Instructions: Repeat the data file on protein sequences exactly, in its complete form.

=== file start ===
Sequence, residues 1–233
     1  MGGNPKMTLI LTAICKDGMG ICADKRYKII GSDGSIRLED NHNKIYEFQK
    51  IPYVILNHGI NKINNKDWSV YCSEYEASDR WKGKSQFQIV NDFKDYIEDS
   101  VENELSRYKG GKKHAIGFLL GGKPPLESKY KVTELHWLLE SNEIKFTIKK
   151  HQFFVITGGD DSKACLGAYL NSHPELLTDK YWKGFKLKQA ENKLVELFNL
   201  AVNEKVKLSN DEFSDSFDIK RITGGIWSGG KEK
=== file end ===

Sequence, residues 1–233
     1  MGGNPKMTLI LTAICKDGMG ICADKRYKII GSDGSIRLED NHNKIYEFQK
    51  IPYVILNHGI NKINNKDWSV YCSEYEASDR WKGKSQFQIV NDFKDYIEDS
   101  VENELSRYKG GKKHAIGFLL GGKPPLESKY KVTELHWLLE SNEIKFTIKK
   151  HQFFVITGGD DSKACLGAYL NSHPELLTDK YWKGFKLKQA ENKLVELFNL
   201  AVNEKVKLSN DEFSDSFDIK RITGGIWSGG KEK